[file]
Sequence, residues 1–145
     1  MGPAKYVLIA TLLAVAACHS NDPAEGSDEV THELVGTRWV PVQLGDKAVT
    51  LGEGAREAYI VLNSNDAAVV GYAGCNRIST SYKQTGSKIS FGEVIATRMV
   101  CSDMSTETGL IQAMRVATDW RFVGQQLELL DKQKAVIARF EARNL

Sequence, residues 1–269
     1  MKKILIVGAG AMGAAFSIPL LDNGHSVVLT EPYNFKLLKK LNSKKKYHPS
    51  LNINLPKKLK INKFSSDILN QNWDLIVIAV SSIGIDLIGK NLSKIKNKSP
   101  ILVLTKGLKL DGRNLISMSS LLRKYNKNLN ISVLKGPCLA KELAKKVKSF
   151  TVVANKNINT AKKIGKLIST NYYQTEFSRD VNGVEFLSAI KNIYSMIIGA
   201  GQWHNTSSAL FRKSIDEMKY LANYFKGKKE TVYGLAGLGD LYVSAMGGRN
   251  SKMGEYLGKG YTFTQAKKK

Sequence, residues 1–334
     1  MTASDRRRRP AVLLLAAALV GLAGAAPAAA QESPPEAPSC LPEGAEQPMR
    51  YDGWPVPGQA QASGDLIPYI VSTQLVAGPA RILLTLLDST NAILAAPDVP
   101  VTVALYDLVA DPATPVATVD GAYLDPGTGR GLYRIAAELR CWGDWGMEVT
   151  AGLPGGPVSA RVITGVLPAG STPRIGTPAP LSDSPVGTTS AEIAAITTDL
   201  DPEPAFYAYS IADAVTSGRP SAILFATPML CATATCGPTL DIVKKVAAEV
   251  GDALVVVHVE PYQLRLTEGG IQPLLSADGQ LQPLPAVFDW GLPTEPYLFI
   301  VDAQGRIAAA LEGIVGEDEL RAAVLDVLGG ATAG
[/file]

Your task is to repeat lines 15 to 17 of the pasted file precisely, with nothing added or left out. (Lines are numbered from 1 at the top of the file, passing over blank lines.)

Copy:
   101  VTVALYDLVA DPATPVATVD GAYLDPGTGR GLYRIAAELR CWGDWGMEVT
   151  AGLPGGPVSA RVITGVLPAG STPRIGTPAP LSDSPVGTTS AEIAAITTDL
   201  DPEPAFYAYS IADAVTSGRP SAILFATPML CATATCGPTL DIVKKVAAEV